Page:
• Correct. It is the same circumstance, in fact. N.B. nobody's been fired yet. Commented Oct 12, 2016 at 10:30

Your boss is being abusive though it may be standard culture for the industry.

The idea that time off that's been properly requested in advanced, and approved, is somehow not guaranteed is ludicrous.

Finding replacements for your shifts was nice of you but that really sounded like it was her job, not yours. Perhaps that's how she delegates. If she has lots of direct reports, that might be ok.

How bad do you want that job?

If you take the time off and she retaliates, I'd go to her supervisor. Your career there will be over, but it will probably be good for you to see how it ends. You're 17, don't worry about it.

  • So I worked in an amusement part (the now closed Astroworld), and it was a nightmare getting people to show up. After 2 years I was a manager for about 1/4 the park's food service stands. I would be happy to have only 2 no-shows, from the 20 people. Anything more, and it was nearly impossible to run all the stands. Yes, that culture can be abusive, so I led by being nice, tangibly nice. I would open early and cook breakfast. We had minimal no-shows, till the park complained about "electricity use" (I covered the food stuffs personally). Abusive culture? Absolutely right!
    – Edwin Buck
    Commented Dec 22, 2018 at 21:00

As others have said, you did everything right. However, often times life requires us to be more correct than what is reasonable.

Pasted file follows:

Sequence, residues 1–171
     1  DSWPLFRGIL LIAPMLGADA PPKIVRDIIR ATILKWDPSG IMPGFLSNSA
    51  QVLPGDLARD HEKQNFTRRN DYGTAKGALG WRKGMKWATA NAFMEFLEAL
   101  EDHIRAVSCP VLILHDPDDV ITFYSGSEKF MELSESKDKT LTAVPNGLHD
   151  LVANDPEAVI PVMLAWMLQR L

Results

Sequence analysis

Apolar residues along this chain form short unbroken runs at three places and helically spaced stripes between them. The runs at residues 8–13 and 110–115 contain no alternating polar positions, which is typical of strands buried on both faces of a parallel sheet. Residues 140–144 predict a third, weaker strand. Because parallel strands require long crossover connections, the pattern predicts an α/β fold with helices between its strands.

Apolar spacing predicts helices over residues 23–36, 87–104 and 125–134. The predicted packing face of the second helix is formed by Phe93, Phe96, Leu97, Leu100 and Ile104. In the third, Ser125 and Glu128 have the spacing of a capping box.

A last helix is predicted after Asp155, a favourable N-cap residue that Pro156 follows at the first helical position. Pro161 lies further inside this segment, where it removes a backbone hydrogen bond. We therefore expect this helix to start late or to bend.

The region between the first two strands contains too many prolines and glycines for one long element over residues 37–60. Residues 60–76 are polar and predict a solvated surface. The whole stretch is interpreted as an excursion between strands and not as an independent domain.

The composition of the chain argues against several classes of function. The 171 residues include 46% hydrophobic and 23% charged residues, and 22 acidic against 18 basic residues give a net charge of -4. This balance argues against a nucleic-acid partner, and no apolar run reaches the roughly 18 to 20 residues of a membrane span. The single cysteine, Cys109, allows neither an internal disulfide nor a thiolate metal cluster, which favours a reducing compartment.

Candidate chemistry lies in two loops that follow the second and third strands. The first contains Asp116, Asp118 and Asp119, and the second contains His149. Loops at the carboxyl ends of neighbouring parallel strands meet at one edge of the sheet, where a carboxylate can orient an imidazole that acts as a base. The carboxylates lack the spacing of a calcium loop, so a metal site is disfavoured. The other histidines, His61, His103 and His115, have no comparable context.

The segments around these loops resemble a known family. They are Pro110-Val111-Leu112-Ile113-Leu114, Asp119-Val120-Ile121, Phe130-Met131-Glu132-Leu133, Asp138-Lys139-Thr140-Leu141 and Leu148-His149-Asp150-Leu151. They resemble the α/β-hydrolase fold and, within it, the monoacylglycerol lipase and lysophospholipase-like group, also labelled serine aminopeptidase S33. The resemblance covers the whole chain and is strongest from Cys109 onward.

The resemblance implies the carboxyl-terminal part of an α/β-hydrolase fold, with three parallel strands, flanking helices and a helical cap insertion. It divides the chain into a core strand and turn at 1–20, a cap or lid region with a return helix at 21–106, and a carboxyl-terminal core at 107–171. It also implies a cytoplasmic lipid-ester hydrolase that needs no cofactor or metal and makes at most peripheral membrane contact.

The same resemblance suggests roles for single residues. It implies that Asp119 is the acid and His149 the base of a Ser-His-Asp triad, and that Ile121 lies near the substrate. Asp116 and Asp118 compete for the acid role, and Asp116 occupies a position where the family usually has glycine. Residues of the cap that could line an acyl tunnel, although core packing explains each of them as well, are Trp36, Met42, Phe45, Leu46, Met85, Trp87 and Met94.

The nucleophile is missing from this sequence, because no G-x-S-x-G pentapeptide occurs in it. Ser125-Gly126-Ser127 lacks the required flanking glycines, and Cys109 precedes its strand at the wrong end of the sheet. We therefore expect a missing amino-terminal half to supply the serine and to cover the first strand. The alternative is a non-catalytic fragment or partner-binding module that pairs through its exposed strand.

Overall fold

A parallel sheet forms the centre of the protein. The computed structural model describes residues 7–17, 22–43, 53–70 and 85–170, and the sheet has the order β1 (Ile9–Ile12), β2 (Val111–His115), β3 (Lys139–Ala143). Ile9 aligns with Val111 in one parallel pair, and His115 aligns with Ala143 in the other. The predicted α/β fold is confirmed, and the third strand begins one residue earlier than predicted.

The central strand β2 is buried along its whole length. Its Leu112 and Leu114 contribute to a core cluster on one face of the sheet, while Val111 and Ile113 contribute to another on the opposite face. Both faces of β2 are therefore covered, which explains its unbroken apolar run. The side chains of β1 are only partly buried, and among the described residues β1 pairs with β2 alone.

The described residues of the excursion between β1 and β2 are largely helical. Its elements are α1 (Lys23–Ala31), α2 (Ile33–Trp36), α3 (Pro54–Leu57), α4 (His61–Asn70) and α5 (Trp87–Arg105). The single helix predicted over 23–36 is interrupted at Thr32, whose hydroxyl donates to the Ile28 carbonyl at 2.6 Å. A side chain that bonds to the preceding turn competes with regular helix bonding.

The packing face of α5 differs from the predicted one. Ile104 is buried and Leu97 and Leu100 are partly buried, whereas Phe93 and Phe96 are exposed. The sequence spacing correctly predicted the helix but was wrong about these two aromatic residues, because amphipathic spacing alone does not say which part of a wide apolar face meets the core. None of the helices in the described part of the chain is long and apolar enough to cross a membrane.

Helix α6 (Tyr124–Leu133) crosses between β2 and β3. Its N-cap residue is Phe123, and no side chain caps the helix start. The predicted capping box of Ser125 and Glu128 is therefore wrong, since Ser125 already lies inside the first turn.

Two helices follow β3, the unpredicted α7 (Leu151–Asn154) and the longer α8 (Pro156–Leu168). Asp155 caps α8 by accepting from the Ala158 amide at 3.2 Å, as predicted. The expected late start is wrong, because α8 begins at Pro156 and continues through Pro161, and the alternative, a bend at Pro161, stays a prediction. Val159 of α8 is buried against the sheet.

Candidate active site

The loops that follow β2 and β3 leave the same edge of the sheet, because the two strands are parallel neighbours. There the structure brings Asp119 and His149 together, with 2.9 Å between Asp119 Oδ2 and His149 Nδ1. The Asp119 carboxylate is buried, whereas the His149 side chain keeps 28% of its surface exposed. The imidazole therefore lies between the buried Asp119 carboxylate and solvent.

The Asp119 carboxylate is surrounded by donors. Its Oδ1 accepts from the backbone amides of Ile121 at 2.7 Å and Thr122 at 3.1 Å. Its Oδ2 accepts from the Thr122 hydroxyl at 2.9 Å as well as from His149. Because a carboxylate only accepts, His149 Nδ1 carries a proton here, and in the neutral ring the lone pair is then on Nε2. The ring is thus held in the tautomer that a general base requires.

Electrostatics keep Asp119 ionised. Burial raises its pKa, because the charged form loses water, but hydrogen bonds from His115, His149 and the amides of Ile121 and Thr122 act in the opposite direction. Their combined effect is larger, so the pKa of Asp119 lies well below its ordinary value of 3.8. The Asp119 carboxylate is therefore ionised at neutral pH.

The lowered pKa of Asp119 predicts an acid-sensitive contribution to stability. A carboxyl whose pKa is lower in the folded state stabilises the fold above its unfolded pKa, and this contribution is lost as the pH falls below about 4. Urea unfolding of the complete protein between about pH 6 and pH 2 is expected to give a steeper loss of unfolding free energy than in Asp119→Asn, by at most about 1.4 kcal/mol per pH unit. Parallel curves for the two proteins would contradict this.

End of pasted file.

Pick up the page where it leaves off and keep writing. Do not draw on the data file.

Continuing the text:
First understand that food service in amusement parks is a very entry level job. The turnover is high, and the working conditions are pretty darn difficult. Despite this it sounds like you are excelling. Good work. This is a step in your path through this life, but not so much for others. For some managing people like you and your peers is as good as it gets. They tend not to be very good at their jobs thus cannot be promoted or leave for a different position. I suspect your schedule creator forgot that you were going to be on vacation and blamed it on you. Or they simply could not create the schedule without you. Either way it was unfair, but you seemed to get over it and solve the problem yourself. Great work, that kind of experience is invaluable.

Next time you are in this situation be sure to remind the person creating the schedule, a short time before they create the schedule, that you will be out. Its one of those times you might have to compensate for other's weaknesses. Still that may not be enough, but it is worth a try.